It's Spring. Cabbage white butterflies are flying.

I’ve been counting cabbage white butterflies for several years now. There’s a hint that they’re emerging earlier now, but the trend is still inconclusive.

written Sep 1, 2014 • by Jon Sullivan • Category: Wild Changes

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I saw my first cabbage white butterfly (Pieris rapae) of the season on today, flying along the roadside of McDrurys Road in Ladbrooks, in the farmland between Christchurch and Lincoln, New Zealand. This is a sure sign that Spring is just around the corner. Local botanists have been commenting about what an oddly early and extended flowering season we’ve had over this year’s unusually wet and mild autumn and winter. However, the cabbage whites don’t seem to have noticed.

Close up of the head of a cabbage white butterfly
Cabbage white butterflies are now common in many countries around the world, which makes them an interesting choice for wild counting. I count most of my cabbage white butterflies in New Zealand, where I live, but I've also counted them in Australia and California, like this butterfly here from Los Alamitos, California (see the observation on iNaturalist).

I’ve been monitoring butterflies in and around Christchurch, New Zealand, for over a decade now, and I just had a look at the earliest date I’ve seen adult cabbage whites flying over the past ten years. This year’s arrival is on time. Adult emergence times might not be easily tricked by temperature if they’re primarily triggered by day length.

First cabbage white butterfly sightings
A graph of my earliest observation of cabbage white butterflies each year since 2005.

When interpreting that graph, note that I was paying much more attention to naturalised butterflies like cabbage whites from 2008 onwards. Before then, my attention was focused on native butterflies and I was consistently recording naturalised butterflies like cabbage whites only on my bike rides to work. Those tend to be early morning and not peak butterfly flying time.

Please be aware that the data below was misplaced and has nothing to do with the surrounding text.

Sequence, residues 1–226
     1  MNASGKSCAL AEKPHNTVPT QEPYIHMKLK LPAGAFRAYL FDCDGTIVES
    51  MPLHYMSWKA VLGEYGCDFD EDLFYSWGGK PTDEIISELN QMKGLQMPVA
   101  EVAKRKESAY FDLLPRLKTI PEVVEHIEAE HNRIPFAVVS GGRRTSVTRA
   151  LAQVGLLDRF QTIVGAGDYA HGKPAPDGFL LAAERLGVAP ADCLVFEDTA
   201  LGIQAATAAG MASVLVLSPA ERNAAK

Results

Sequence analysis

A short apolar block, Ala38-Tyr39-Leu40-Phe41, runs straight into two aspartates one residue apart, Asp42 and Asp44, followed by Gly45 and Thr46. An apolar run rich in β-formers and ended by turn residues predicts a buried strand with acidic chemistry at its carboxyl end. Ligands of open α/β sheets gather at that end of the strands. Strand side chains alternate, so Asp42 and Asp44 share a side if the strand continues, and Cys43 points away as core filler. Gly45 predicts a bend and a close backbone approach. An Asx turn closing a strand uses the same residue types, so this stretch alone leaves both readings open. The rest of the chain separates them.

With the exception of that anomalous early record in 2005, there is a hint that butterflies are emerging earlier, but the data is too noisy to yet have any confidence. The more parsimonious conclusion for now is simply that, in and around Christchurch, adult cabbage white butterflies first show up in late August or early September. The story might get more interesting with a closer look at all my counts, or another 5 to 10 years of data.

Cabbage whites are New Zealand’s most abundant butterfly, an accidentally introduced European species that is right at home feeding on New Zealander’s cabbages as well as wild mustards on roadsides and other species in the Brassicaceae family. Cabbage whites overwinter as dormant pupae; butterflies eclose out when winter is done.

Entomologist George Gibbs notes in his excellent 1980 book, “New Zealand Butterflies” that if you look closely at the spring cabbage whites, you’ll notice that they are smaller and with less dark pigment than the summer butterflies. Warmer temperatures produce somewhat darker butterflies. Those dark spots (one per forewing on the male and two per forewing on the female) are likely involved in mate recognition and selection.

Close up of the head of a cabbage white butterfly
This is the unusually early cabbage white butterfly that came into our house on the evening of 3 August 2005 (see the observation on iNaturalist NZ). My graph above highlights how unusually early this was.